You argue from a lay perspective then deny historians and scientists that do not agree with your blinkered view.

      I do not expect you to agree to anything that does not confirm CO2 as a primary driver of climate. The oceans which will always beat you. The heat reservoirs are the main drivers and CO2 is not one of them.

      1. Rob Honeycutt

        Peter… Actually, that’s not just my opinion.

        “The MWP has been confirmed all around the world.” No it hasn’t. It’s not found on the Tibetan Plateau for one.

        http://www.sciencemag.org/content/246/4929/474.abstract
        http://www.agu.org/pubs/crossref/1996/96JD02683.shtml
        http://www.agu.org/pubs/crossref/2003/2003GL018188.shtml

        You’re basing your position solely on McIntyre. Every other investigation into Mann’s work has vindicated it.

        1. DirkH

          Let me apply standard warmist rethoric in reverse: “The Tibetan plateau is what – 0.001 percent of the Earth’s surface?”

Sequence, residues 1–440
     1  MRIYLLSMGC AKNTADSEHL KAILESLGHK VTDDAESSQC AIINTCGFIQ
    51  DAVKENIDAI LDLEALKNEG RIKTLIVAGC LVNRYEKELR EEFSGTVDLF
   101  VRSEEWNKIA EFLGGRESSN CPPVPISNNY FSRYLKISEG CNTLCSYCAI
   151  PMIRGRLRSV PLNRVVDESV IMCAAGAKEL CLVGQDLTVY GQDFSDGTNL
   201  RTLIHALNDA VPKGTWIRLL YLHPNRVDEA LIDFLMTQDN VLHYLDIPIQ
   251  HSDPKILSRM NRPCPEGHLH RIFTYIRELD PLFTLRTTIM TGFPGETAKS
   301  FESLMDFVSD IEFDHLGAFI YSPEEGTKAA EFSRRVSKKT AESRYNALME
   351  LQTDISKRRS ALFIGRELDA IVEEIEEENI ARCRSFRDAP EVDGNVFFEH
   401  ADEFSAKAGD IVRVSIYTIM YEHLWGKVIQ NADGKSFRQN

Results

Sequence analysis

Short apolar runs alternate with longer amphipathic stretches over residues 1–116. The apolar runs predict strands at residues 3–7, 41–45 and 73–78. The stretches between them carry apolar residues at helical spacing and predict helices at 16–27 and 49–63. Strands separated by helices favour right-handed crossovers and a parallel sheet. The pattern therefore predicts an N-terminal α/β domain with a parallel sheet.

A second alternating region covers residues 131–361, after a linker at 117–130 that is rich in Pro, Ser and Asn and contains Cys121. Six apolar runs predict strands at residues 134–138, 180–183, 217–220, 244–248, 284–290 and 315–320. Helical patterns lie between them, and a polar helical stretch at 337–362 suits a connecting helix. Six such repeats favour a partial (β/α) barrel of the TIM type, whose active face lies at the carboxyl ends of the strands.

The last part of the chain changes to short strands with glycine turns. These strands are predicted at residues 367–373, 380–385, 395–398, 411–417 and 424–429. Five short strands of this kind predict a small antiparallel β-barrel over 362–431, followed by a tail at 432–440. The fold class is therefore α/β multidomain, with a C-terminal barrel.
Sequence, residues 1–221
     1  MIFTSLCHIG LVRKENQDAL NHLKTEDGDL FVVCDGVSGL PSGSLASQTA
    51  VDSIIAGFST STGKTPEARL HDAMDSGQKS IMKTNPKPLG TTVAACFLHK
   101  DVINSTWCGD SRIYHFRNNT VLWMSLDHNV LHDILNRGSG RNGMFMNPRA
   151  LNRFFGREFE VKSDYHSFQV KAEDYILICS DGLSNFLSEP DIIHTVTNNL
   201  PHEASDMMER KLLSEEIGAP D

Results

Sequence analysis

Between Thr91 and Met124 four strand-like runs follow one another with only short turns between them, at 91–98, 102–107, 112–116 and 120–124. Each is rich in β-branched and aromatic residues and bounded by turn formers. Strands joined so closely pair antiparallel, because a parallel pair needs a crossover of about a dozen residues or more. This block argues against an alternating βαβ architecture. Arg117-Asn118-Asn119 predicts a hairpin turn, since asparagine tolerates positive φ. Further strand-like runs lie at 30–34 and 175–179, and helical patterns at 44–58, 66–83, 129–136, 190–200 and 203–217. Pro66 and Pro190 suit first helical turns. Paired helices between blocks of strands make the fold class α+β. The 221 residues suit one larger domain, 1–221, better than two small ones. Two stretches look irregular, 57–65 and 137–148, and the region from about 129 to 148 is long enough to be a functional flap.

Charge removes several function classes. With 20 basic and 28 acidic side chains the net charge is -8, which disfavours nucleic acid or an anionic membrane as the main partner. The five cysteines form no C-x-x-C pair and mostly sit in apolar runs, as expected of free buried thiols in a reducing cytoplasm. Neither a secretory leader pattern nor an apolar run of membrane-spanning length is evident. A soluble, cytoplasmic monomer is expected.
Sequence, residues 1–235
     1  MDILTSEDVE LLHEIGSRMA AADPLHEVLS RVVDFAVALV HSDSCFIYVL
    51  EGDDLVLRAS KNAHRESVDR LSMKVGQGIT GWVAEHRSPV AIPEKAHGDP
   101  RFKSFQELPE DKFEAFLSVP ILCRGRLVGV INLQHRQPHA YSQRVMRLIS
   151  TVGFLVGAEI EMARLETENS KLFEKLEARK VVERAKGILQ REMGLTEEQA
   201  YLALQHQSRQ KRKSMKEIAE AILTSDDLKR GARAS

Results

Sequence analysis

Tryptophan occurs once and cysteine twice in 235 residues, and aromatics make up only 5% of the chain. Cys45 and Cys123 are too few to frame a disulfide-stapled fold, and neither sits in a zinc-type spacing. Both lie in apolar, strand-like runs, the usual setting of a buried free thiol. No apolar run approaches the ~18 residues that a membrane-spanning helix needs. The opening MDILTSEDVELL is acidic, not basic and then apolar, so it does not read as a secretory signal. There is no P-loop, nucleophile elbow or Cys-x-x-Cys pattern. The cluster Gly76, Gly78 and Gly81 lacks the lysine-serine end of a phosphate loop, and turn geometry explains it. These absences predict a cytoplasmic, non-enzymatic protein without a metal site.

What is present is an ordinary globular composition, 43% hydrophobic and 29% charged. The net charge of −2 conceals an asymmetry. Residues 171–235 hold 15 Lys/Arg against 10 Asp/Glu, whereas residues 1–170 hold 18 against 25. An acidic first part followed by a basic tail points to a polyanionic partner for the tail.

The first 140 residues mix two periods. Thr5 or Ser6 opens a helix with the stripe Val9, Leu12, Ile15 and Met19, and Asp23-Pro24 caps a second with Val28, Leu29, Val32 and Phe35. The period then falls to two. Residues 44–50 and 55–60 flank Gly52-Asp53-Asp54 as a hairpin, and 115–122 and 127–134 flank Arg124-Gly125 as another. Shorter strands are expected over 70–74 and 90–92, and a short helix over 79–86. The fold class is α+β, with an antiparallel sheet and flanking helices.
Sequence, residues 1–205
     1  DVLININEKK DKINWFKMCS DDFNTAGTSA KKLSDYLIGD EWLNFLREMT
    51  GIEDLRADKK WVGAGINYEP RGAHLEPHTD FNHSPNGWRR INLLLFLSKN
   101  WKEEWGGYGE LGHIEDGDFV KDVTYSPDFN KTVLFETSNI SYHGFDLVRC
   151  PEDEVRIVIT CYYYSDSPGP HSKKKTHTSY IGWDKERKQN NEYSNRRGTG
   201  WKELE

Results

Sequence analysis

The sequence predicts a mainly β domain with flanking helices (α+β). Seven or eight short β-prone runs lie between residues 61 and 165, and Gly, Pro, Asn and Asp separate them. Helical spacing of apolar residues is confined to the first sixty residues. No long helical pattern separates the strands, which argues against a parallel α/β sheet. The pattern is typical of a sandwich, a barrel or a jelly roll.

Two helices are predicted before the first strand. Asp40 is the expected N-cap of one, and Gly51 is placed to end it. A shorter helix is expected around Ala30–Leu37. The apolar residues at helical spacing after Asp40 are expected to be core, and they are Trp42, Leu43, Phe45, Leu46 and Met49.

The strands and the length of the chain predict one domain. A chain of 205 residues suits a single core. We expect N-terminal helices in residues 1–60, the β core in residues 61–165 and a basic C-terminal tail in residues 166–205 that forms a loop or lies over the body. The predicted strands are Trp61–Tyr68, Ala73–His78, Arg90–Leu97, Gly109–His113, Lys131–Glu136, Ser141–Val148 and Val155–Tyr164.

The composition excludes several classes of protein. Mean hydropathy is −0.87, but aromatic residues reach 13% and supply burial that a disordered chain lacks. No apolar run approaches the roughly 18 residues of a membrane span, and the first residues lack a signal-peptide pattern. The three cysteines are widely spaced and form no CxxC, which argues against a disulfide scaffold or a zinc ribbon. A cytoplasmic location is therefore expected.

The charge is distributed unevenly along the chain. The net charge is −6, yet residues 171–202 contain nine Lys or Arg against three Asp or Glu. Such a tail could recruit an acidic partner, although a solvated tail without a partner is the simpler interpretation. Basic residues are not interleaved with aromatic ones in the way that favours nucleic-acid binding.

1. Rob Honeycutt

            Dirk… But what you guys keep saying is that the MWP was global. So, if it’s not present on the Tibetan Plateau then it’s not global. Right?

          2. Brian G Valentine

            If I produce evidence that recorded Tibetan history suggests a “MWP” in the region (as do, for example, the records of previous inhabitants of the British Isles)

            – what would that do to your arguments?

          3. Rob Honeycutt

            Dirk… Here is an AGU lecture from Ellen Mosley-Thompson that shows the data.
            http://www.agu.org/meetings/fm10/lectures/lecture_videos/A42D.shtml

          4. Rob Honeycutt

            Sorry… I meant Brian.

          5. Brian G Valentine

            Thank you for your answer.

            Surprisingly I did read about the climate of the region during the period, reading the history of the “Bardo Thodol.”

            Anyway didn’t Mann completely obliterate the MWP in the Southern Hemisphere initially, based on what he (thought he) knew about a couple of locations in South America and Australia?

            Evidently that was just about enough for him to throw the MWP right down the toilet.

        2. Peter Whale

          No. Rob the hockey stick was proved wrong by maths the algorithm used was nonsensical in the fact that whatever data you put in gave a hockey stick graph. But keep on defending the false icons its what you do best.

  9. Rob Honeycutt

    You guys are relentless.